In March Nicola Sturgeon signed a deal with two Chinese companies that could be worth up to £10bn. But she didn't tell anyone about it.
This is unusual. The SNP government usually would put out a press release about the opening of an envelope. But days after the deal was signed, the top news stories on the government website were on changes to dog fouling fines and an update on the Scottish beaver population.
Today I want to talk about Britain's two most important relationships: with our neighbours in Europe; and our cousins in the United States.
As those descriptions suggest, the two relationships are very different. They are born of different circumstances and have been tested by different pressures. They provoke different emotions in the minds of British citizens. But they are intimately linked.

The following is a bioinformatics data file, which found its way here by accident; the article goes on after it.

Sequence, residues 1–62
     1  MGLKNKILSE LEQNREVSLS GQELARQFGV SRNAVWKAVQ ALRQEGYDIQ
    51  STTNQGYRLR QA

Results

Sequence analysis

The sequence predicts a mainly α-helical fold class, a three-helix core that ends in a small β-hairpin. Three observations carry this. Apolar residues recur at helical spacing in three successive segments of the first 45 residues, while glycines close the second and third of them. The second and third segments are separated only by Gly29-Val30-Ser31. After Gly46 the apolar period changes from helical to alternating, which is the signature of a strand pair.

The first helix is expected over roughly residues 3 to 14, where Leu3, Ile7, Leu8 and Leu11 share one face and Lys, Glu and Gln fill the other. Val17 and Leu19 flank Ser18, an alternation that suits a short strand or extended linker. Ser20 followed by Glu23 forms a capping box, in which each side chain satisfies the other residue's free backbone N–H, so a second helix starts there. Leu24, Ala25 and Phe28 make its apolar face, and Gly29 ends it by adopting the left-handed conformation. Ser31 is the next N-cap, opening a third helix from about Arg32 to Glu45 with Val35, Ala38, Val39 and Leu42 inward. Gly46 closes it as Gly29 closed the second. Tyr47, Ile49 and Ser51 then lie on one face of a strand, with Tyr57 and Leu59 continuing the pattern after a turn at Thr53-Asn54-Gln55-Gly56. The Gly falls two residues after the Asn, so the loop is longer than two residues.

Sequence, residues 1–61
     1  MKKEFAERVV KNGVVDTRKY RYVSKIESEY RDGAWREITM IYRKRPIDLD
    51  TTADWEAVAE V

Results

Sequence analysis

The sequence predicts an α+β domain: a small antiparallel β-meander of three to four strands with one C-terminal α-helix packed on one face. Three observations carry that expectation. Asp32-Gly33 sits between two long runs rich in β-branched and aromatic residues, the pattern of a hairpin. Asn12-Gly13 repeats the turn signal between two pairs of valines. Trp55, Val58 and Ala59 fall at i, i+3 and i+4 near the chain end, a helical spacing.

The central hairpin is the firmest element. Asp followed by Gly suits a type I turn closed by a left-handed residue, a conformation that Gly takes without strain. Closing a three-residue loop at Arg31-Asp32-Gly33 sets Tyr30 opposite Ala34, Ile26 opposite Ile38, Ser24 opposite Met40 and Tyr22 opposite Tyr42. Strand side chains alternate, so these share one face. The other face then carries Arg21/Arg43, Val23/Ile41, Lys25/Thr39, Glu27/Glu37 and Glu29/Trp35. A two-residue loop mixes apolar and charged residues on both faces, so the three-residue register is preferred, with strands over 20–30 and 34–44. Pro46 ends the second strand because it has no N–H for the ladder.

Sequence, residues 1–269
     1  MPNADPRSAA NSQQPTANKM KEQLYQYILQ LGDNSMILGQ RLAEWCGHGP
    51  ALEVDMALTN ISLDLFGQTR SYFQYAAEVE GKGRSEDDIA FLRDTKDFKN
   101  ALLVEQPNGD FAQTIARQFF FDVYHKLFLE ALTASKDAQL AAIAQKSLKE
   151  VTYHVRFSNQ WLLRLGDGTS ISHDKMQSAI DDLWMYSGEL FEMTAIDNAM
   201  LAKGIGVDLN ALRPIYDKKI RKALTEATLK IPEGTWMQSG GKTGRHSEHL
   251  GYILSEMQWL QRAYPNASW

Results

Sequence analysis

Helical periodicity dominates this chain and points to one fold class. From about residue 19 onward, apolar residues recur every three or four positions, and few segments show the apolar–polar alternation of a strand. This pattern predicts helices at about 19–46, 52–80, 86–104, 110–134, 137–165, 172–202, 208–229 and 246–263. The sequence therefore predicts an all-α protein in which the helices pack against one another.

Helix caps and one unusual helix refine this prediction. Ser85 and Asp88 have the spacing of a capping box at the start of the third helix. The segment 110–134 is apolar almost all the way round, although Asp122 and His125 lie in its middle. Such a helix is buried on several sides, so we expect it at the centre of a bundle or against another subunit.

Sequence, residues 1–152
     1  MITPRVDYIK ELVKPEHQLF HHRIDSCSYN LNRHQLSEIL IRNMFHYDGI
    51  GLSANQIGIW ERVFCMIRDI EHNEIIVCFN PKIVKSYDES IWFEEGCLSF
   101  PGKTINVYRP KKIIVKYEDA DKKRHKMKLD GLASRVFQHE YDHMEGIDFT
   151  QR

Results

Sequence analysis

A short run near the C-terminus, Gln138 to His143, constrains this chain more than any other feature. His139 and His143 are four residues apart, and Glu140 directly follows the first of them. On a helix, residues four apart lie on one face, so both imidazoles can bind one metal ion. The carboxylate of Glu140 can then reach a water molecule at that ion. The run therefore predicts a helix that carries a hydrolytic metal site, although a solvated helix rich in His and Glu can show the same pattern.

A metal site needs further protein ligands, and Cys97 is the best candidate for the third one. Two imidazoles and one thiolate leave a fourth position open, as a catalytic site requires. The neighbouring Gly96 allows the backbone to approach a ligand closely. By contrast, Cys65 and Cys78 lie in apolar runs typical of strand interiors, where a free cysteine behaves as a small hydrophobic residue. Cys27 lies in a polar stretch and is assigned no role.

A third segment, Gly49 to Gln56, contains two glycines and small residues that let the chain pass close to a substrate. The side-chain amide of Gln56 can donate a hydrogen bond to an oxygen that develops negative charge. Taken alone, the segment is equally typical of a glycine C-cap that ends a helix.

Ahead of the key vote on Monday on whether the UK should offer sanctuary to 3,000 child refugees, Liberal Democrat leader Tim Farron has written to every MP calling on them to put party politics aside and 'stand up for humanity'.
The Government last week tried to buy off MPs with a proposal to take up to 3,000 additional people including children from Syria and North Africa over four years, but this will not help one of the thousands of children in Europe today.
"The sheer volume of serious and sobering evidence against turning our backs on Europe is overwhelming. The Treasury assessment today, showing a £4,300 cost to families, gives another stark warning about the impact on every household in Britain.